January Editorial: Evolving in e-business: The Integrated Enterprise

e-business is expanding dramatically. Enormous growth in the volume and complexity of electronic transactions is requiring companies to transform themselves into an entirely new kind of organization – the integrated enterprise.

This transformation drives companies beyond the familiar terrain of online transaction processing. Many adopt an expanded information technology model that we know as e-transaction processing.

e-transaction processing is the technology infrastructure that enables the transformation and integration of end-to-end business processes using Internet technologies. It demands architectures that provide secure, highly available computing environments, capable of handling dramatic rises in transaction volumes and complexity.

e-transaction processing is not a product or an offering. It is an evolving e-business requirement aimed at producing tangible business returns, maximizing competitive advantage and providing the highest levels of customer satisfaction. e-transaction processing exploits new technologies that recognize the heterogeneous nature of any e-business and provides the means of tying together existing, cross-platform components.

Companies find their data centers already hold extremely valuable information about their customers, products and services. e-business adds a flood of new data. Manufacturers and retailers can use this data to cut costs and increase productivity and profitability. Banks, investment companies and government agencies can develop closer relationships with customers while optimizing marketing and maximizing security. With business intelligence applications integrated into its system, a company can mine its data to develop better ways to sell products and services. It can customize its operations so that it is no longer limited to reacting to market conditions but instead can reach out and build entirely new markets.

To achieve this level of efficiency, a company must make much of its data accessible to customers and business partners at all times. Beyond that, its IT infrastructure must enable the entire transactional process.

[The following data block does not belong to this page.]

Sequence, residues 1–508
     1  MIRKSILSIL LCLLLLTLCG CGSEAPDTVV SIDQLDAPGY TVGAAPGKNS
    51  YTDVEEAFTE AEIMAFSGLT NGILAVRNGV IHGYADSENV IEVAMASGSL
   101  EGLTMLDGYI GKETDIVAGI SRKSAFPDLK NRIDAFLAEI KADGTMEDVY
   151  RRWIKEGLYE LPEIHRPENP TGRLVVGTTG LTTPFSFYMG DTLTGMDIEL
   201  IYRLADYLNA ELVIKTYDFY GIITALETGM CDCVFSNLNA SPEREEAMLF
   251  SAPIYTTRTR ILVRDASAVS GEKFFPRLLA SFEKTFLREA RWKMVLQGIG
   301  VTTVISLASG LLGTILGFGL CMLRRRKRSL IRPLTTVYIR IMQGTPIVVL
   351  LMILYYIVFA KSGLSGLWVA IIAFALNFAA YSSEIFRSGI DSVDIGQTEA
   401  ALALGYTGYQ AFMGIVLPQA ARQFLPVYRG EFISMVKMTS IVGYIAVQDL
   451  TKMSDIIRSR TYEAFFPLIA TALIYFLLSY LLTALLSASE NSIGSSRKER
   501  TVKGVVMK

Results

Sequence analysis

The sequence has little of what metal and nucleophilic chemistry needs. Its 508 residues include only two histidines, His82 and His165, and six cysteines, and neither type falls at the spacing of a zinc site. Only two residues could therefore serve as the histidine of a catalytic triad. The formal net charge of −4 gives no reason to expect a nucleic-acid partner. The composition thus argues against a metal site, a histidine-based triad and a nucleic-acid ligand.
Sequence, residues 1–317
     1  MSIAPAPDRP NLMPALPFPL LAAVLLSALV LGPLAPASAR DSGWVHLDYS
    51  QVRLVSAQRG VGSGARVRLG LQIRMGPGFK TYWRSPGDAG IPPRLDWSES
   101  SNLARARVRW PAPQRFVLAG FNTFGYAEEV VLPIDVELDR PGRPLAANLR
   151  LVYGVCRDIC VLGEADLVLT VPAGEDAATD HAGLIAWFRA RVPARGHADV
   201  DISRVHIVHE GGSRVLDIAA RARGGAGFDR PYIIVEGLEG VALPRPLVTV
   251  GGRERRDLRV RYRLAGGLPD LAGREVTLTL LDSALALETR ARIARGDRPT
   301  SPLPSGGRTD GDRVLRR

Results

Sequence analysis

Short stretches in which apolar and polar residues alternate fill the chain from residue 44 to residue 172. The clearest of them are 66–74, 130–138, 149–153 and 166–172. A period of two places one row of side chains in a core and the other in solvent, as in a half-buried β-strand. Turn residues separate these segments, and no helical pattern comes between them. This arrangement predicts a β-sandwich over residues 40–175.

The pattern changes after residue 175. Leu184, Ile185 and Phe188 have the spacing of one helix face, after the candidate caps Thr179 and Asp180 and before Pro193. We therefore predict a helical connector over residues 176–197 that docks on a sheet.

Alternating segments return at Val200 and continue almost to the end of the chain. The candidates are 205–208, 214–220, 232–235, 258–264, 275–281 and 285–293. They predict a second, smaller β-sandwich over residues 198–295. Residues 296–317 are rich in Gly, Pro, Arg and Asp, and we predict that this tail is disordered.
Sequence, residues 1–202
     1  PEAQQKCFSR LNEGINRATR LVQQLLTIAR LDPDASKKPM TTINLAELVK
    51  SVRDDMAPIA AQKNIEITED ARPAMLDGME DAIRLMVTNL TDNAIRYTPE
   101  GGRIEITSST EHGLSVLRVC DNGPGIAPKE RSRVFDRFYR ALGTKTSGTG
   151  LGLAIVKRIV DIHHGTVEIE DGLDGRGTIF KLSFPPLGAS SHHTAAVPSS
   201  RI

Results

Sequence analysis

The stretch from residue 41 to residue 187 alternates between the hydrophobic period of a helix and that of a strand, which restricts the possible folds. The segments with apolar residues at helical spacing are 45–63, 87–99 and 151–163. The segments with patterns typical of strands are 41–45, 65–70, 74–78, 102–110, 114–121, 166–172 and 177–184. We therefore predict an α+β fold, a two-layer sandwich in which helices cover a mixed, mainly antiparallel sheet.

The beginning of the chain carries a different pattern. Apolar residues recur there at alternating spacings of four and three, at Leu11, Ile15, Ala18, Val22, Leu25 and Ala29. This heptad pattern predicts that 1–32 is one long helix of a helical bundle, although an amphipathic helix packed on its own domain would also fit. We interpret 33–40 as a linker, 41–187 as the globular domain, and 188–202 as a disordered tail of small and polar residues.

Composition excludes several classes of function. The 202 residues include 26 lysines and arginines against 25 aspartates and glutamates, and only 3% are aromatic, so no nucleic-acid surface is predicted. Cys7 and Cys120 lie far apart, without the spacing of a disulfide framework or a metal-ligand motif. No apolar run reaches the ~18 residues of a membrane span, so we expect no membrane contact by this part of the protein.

e-transaction processing demands the highest levels of quality of service to retain customer loyalty. Customer demands can be highly unpredictable, reaching peaks of 100 times the normal rate. Each transaction by a customer or vendor generates many transactions within the company and with distributors and suppliers. As technologies multiply in number and variety, building portals between consumers and business partners can present challenges.

In addressing these needs, some companies choose to build their IT systems in a distributed environment. They may purchase many small processors from one vendor and string together any number of servers from another vendor. A third vendor would enable the database. Acquiring tools to change business processes requires more vendors. Clearly, this leads to management challenges and high costs in people and equipment.

A company should begin building its information technology infrastructure for e-transaction processing by obtaining sound strategic advice from a full-service provider. The company and its provider can then construct the system around servers and software that provide the appropriate class of service at the right total cost of computing.

With a strategically designed technical framework for e-business, companies can select technologies tailored to their strategies. Message queuing, large-scale transactional managers, database systems and new languages, such as Java and data abstraction methods like XML, are among new technologies that can be integrated in the IT structure.

By continuing to enhance their existing systems as technologies advance, customers can keep pace with requirements for quality of service. Speeds are being increased by fiber connectivity and gigabit ethernet links. Built-in cryptographic processors are improving security. Scalability is growing with SMP, Non-Uniform Memory Access and Massively Parallel Processing alternatives. Highly available failover or continuous-operation systems are enabled by geographically dispersed clusters, such as IBM’s Parallel Sysplex clusters.

When technologies like these are integrated into its enterprise, a company will no longer have reason to fear the spikes in demand and the deluge of data that have caused problems for so many e-businesses. Instead, the integrated enterprise will be able to embrace these unknowns, turn the flood of data into valuable business information and manage its evolution successfully, leading to business advantage and greater profits.

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